Palm Sunday is this weekend, marking the last Sunday before Easter. The sacred Christian holiday commemorates the entry of Jesus Christ into Jerusalem, where he rode into town on a donkey as crowds of people gleefully greeted him and spread out palm branches in his path. 

At many Christian Palm Sunday church services, common traditions include processions with palm branches, the blessing of palms and the construction of small palm crosses. While the story of Palm Sunday is told in all four gospels in the Bible, Matthew 21 is the one read at most church services.

GettyImages-484408641 Iraqi Christian women hold a piece of olive branch as they gather at St. Joseph church in Arbil, northern Iraq, April 12, 2014, to celebrate Palm Sunday. Photo: Getty Images

Here is a passage that is often read during Palm Sunday service: “Go to the village ahead of you, and at once you will find a donkey tied there, with her colt by her. Untie them and bring them to me. If anyone says anything to you, tell him that the Lord needs them, and he will send them right away ... The disciples went and did as Jesus had instructed them. They brought the donkey and the colt, placed their cloaks on them, and Jesus sat on them.”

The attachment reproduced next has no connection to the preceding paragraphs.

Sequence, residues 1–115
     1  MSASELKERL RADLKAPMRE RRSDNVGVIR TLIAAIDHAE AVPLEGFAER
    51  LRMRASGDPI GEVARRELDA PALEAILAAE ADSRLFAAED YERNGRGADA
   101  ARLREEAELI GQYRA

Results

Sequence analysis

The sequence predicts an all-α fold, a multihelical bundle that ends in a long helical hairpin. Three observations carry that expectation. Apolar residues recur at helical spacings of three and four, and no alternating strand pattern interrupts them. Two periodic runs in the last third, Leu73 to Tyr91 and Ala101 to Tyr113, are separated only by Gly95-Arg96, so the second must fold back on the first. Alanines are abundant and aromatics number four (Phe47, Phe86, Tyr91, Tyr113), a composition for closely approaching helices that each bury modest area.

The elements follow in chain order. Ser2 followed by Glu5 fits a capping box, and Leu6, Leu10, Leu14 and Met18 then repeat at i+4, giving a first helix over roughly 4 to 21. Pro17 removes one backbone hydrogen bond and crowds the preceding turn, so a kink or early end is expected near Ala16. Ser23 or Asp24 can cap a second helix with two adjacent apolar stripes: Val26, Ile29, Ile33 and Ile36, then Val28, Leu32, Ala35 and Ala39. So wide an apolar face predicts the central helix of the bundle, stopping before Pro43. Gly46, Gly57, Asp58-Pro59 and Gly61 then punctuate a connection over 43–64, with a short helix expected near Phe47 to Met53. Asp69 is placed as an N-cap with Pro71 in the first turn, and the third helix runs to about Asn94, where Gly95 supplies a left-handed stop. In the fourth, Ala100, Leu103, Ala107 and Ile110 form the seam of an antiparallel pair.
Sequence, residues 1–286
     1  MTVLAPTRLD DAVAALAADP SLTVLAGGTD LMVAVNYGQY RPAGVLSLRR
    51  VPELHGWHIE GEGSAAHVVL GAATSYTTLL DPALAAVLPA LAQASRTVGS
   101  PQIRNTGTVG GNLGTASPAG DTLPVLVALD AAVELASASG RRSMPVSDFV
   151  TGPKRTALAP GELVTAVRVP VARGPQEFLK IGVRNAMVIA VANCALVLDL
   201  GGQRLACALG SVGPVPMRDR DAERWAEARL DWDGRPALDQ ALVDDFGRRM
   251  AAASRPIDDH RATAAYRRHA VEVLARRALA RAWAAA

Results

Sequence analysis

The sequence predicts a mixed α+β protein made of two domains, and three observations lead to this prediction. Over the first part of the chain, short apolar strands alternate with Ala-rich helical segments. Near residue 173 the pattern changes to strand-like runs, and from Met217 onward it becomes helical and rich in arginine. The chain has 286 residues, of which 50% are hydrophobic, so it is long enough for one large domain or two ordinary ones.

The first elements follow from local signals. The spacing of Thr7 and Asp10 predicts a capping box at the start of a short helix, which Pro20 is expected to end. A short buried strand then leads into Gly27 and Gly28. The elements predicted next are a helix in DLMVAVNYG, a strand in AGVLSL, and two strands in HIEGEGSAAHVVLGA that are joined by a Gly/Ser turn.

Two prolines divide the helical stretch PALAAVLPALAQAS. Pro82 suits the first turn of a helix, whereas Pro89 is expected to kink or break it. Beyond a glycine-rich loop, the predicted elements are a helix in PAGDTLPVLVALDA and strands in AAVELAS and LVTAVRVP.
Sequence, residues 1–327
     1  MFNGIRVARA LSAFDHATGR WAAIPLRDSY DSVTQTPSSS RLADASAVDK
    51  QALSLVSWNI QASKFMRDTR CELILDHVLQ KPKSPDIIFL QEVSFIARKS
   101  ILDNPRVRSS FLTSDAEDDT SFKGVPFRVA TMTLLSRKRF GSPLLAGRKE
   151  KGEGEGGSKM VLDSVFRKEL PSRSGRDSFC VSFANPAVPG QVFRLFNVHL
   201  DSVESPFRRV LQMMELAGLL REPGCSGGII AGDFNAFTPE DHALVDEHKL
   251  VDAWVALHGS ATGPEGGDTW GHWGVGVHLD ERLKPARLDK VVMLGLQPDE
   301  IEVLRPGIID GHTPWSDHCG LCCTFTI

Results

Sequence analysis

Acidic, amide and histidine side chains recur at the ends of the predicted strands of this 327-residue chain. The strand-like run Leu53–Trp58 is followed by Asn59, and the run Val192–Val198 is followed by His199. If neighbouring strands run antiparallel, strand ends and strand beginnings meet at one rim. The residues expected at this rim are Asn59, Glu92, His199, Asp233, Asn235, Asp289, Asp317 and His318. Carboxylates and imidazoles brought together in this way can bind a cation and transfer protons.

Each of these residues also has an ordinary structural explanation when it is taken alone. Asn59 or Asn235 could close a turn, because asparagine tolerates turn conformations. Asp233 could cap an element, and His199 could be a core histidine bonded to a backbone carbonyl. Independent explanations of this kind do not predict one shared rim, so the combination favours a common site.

GettyImages-468659688 An Orthodox priest blesses worshippers during Easter Sunday in Tbilisi, Georgia, April 5, 2015. Photo: Getty Images

Palm Sunday is significant because it represents the beginning of Holy Week, part of the Christian calendar that focuses on Jesus’ last days before he was crucified. The holiday is celebrated by almost all Christian denominations.  

“A very large crowd spread their cloaks on the road, while others cut branches from the trees and spread them on the road. The crowds that went ahead of him and those that followed shouted, ‘Hosanna to the Son of David! Blessed is he who comes in the name of the Lord! Hosanna in the highest!’ When Jesus entered Jerusalem, the whole city was stirred and asked, 'Who is this?' The crowds answered, ‘This is Jesus, the prophet from Nazareth in Galilee,’” reads Matthew 21:1-3, 6-11.